The Council for Democracy continued its efforts to educate students at the University of Miami about the political world through non-partisan tactics when it hosted the “Choose Your Party” forum last Thursday evening at the Rat.
Roughly 60 students showed up to hear stump speeches from representatives of the Libertarian, Green, Republican and Democratic parties.
Among the speakers was Doug Klippel, chairman of the Florida Libertarian Party; Geoffrey Becker, executive director of the Florida Republican Party; Dan McCrea, a South Miami councilman who represented the Green Party; and Alan Korbin, electoral chair of the Green Party of Florida.
Scott Maddox, chairman of the Democratic Party of Florida, appeared after the official forum had ended and was forced to speak in the Rat’s conference room for about 10 minutes to a smaller crowd due to weather-plagued traffic delays.
The three party representatives spoke about their platforms before answering questions from audience members.
Korbin’s discourse on the Green Party’s progressive ideas was in sharp contrast to Becker’s structured Republican responses. Klippel espoused the Libertarian Party’s extreme laissez-faire beliefs in nearly all matters, from economics to social policy.
“It’s nice to see a public forum where members of third groups speak on the same card as the two major parties,” said John Fahrendorf, a graduate student in the School of Communication. “It’s more representative of a true democracy. The Green Party wants to hear your opinion, and I’m glad that they have an open voice here instead of being silenced by the oppressive Democratic and Republican voices.”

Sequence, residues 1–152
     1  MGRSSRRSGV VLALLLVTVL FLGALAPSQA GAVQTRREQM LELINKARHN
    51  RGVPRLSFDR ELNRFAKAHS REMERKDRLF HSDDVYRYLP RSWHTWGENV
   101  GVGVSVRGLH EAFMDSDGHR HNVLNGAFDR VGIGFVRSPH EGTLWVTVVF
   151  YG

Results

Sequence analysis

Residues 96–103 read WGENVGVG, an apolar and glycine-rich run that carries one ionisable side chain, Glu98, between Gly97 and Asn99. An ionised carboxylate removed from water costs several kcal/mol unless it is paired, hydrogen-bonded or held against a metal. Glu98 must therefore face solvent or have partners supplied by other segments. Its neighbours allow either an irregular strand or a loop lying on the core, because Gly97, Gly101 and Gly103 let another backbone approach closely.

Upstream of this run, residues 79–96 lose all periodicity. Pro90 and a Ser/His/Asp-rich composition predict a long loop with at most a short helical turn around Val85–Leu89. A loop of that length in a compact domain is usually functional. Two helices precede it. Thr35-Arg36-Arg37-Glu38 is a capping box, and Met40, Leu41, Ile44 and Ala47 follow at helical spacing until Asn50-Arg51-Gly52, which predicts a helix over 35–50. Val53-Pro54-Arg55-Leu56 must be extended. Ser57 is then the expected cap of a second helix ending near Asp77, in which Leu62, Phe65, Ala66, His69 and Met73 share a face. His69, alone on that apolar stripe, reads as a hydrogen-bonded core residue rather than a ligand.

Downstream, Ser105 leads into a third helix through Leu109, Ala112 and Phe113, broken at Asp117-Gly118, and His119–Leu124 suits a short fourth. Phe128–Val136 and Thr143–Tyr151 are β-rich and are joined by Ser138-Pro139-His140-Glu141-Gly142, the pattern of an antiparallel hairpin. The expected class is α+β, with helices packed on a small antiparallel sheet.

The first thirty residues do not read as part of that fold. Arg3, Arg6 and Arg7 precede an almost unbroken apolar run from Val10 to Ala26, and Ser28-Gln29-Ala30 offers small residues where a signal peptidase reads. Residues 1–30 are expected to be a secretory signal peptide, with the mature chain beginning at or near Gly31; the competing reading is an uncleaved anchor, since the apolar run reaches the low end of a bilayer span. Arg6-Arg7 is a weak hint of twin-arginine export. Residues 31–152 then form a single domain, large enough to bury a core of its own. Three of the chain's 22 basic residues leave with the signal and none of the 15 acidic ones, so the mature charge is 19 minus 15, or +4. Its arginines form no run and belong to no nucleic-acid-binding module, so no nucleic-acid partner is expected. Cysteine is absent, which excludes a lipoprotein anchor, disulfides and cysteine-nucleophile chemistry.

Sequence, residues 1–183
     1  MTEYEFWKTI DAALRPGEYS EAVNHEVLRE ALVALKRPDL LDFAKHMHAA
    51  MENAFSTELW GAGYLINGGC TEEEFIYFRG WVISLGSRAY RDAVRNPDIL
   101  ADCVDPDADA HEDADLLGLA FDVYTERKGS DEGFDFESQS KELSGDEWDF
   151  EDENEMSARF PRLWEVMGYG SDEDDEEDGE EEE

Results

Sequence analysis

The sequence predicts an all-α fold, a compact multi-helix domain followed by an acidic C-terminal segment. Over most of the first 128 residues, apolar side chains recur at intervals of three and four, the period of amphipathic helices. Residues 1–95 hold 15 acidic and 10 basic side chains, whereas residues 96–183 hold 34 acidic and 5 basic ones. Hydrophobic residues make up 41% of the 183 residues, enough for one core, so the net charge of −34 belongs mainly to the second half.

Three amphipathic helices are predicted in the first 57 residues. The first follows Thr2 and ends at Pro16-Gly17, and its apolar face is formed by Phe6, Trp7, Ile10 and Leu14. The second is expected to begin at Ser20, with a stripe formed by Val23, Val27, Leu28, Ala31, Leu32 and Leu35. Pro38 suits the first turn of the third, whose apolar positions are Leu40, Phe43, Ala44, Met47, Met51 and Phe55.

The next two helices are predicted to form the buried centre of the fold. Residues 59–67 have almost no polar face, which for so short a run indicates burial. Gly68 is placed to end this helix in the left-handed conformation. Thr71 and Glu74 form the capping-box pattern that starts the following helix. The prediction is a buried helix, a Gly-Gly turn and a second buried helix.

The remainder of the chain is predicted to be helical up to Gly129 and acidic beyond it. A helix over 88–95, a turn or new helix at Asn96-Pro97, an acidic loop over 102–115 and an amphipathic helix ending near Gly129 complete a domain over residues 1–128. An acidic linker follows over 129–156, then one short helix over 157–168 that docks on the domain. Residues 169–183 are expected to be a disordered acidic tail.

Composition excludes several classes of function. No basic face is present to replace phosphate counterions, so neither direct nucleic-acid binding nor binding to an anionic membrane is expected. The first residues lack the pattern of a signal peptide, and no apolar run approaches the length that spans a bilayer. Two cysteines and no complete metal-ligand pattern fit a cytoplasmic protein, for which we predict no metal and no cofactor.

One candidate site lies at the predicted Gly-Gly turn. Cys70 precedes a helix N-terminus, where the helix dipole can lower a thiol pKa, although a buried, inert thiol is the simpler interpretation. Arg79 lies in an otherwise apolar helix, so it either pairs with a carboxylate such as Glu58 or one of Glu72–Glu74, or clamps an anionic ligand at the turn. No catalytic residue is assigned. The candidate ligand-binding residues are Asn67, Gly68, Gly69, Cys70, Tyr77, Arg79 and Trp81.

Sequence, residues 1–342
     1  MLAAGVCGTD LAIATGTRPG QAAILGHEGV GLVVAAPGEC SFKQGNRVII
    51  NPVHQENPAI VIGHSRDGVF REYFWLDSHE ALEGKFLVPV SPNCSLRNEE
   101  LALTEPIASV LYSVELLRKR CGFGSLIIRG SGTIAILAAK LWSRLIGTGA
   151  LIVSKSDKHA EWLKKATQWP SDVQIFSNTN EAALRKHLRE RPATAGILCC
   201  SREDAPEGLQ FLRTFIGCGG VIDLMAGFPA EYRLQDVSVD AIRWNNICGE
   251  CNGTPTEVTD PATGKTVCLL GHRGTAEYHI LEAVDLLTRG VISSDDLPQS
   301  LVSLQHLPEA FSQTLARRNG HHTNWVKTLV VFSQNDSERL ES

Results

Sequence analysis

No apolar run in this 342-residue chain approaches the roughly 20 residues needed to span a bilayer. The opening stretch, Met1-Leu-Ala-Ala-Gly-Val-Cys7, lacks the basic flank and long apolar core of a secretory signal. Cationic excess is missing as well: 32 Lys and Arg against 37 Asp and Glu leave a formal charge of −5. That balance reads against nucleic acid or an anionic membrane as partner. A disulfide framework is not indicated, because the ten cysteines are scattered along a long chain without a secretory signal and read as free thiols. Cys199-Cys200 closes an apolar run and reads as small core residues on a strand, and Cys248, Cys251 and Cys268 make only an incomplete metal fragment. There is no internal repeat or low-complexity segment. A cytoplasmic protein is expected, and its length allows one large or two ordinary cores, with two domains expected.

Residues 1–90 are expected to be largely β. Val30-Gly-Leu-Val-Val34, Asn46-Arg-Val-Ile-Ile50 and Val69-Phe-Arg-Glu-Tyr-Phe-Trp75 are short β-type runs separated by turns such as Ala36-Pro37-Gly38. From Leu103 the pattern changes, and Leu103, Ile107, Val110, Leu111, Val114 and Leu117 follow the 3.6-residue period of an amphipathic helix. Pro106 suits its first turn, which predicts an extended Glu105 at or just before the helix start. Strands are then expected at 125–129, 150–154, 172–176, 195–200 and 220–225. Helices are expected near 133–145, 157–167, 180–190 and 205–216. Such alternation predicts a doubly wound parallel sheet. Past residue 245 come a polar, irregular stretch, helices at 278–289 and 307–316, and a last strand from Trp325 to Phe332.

The questions from the audience dealt with issues such as FCC rules for deregulating the media, the cost of war in Iraq and the U.S. deficit.
“We hear so much about the two bigger parties that I wanted to hear the other parties define their stances and what they stand for,” said Amy Stover, a freshman majoring in international studies.
The Council for Democracy provided the Rat’s conference room for each party to display informative materials. Republican “Bush/Cheney ’04” bumper stickers were countered by stickers from the Libertarians that read “I’m Pro-Choice on Everything.”
However, the Libertarian booth boasted the most interactive showcase with a large “Self-Government Compass” which allowed students to position themselves in the political spectrum. Voter registration cards were also in ample supply at a neutral table.
When Council for Democracy Vice President Edward Martos asked for cheers from the audience to gauge whether there were more self-described liberals or conservatives in the room, the reaction was evenly split.
Liberals, however, were more forceful in vocalizing their opposition to the Republican representative’s viewpoints ,as was made evident by a loud booing for his comment on the war in Iraq and an additional comment from an audience member who wanted to say that most people supported the troops but not the war in Iraq.
“I hope this forum allowed students to start thinking about why they haven’t joined a party or why they are in a party,” Martos said. “We want awareness to turn into involvement, and not because of sound bites or because it’s the cool thing to do, but for the right reasons.”
Horacio Sierra can be contacted at email@example.com